If you’re working with color filters applied to the video, it would be very difficult to get the color tones of the title to mesh with the color filter. If you’re only working with one filter Corel isn’t so bad. If your new to video editing, Corel can lull you into thinking you own one whale of a program. I started video editing with Ulead studio which became Corel video studio. It was a good place to start, a good place to get your feet wet. But it’s also one of those programs you have to unlearn as you advance in the video editing field. So it’s a double-edged sword.

With all the video editors out there. I’ve got to wonder how profitable it would be in the long run for Camtasia to expand into the every day video editing market. At the very least they would have to dump X amount of money into the program to bring it up to that next level. Then, what would the new price be? And would people really be attracted to Camtasia at this new higher price?

Regards, Joe

(Edited)
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simone

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Hi Joe,

I am not saying that Filmora doesn't have its flaws. (I do have a computer that is fast enough for me to work with Filmora) But Filmora definitely has more capabilities that can be easily applied into a video. The work area is adjustable in size and I can make it as big as you show Camtasia's work area. (I think)



To add text a separate window does show and you can play the text with the frame that is selected. I did never have a problem that I can not see how it will be displayed in the video.



I am not familiar with Corel so I can not comment on that. I am really not saying that Camtasia is a bad product, but it is missing some key features that in my humble opinion would not be that costly to add. Keep in mind that every company needs to improve the products the currently offer in order to stay competitive in a vast changing market. If a product can appeal to a wider audience they would sell more and make more money that should cover the development cost.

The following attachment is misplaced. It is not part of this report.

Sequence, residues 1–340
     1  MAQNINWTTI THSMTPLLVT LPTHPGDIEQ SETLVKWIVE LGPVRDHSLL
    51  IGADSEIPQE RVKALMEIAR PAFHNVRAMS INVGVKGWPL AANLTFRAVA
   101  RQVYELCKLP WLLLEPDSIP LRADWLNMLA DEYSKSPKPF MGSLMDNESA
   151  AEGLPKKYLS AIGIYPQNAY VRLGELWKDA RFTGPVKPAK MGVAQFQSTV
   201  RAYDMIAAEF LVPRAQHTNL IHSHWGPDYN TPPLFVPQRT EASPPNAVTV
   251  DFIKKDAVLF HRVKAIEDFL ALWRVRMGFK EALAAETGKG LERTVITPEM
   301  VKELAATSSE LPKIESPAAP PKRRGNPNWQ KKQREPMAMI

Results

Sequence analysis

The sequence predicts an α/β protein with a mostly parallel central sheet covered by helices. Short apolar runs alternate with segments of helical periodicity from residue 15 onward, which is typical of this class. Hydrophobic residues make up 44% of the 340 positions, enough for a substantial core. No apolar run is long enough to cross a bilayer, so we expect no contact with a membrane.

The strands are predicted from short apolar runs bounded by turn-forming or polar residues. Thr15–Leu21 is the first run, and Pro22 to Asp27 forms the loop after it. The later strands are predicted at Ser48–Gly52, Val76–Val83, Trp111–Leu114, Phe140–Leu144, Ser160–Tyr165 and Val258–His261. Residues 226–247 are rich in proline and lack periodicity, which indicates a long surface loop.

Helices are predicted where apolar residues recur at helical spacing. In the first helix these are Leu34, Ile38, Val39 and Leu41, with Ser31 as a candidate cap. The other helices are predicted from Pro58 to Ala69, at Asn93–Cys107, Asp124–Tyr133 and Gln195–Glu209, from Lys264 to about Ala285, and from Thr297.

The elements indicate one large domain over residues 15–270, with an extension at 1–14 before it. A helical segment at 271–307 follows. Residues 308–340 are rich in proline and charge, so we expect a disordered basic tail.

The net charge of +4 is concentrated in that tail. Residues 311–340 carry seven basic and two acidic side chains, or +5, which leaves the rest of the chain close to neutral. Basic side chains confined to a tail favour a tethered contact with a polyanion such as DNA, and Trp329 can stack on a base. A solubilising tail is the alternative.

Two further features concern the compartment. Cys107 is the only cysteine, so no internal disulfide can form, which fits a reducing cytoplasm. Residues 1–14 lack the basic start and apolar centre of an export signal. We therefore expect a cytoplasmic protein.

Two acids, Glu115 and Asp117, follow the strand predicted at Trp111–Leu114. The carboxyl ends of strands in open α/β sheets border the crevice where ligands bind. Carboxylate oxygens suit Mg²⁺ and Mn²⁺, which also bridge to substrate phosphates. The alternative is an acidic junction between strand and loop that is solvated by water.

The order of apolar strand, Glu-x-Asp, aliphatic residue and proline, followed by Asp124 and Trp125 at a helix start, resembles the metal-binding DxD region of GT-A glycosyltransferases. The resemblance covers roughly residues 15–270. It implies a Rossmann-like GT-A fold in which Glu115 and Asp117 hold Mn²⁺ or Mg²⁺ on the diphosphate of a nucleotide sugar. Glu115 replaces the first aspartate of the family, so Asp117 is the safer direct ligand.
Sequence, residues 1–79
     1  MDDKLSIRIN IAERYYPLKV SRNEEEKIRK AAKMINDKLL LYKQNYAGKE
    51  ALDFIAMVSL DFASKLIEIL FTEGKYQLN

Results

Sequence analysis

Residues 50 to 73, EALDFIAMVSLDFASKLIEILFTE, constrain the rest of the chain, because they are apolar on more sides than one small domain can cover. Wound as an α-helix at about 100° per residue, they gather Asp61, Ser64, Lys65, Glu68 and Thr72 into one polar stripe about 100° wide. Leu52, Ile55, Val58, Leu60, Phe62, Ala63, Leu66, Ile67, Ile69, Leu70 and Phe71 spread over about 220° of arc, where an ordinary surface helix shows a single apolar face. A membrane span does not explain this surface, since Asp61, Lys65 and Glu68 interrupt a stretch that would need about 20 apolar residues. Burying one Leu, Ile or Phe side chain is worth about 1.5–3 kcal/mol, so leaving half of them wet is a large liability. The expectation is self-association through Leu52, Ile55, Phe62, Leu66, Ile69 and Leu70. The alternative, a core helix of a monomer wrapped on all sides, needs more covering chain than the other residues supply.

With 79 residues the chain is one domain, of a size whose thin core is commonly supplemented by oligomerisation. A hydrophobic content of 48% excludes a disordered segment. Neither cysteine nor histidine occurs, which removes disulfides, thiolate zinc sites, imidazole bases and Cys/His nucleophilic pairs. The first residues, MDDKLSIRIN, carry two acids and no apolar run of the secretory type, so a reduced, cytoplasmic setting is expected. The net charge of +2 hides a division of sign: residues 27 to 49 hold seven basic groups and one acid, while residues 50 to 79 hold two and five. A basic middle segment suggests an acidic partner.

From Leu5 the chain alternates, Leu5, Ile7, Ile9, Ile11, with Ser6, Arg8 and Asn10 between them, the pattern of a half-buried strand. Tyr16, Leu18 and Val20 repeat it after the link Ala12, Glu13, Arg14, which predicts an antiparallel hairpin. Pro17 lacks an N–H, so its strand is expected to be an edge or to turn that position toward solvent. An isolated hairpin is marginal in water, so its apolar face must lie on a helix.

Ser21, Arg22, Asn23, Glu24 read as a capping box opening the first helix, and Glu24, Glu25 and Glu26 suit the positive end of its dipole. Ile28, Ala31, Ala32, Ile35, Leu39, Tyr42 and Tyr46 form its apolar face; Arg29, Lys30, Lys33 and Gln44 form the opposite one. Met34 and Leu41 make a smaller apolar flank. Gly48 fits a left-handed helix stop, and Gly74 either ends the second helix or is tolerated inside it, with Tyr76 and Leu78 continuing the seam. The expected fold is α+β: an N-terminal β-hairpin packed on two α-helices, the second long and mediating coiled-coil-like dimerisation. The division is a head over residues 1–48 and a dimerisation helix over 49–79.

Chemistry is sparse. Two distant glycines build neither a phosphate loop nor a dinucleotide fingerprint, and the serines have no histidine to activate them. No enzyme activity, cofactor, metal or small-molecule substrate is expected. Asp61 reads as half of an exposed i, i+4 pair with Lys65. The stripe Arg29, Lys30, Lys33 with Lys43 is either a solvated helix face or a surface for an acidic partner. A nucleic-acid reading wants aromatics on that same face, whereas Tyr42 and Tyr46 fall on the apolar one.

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Joe Morgan

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 To create new features from scratch would require quite a bit of work.
I was merely using Corel as an example.Showing what can happen when you take shortcuts to get there.
The way I see it.TechSmith makes a profit where their at now. So unless the investment for development pays off, the price has to go up.
I could see it paying off and becoming very profitable in the long run.I don't disagree with you there.

 Camtasia's core customers are tutorial creators,educators, etc. Most of them don't require special effects.Probably wouldn't want to pay more for them either. So I think it's a  gamble for TechSmith to jump into the ring.
I meant it when I said Filmora seems like a nice program. I just can't work with low resolution preview windows. It makes applying masks and other elements with precision impossible. That and I don't like looking at blurry footage if I don't have to. 

I'm not saying your wrong, I'm just saying what I think "Or what I'm guessing" the reason TechSmith hasen't added similar features for so long. They've been requested by users  for years.
Anyway, Cheers, Joe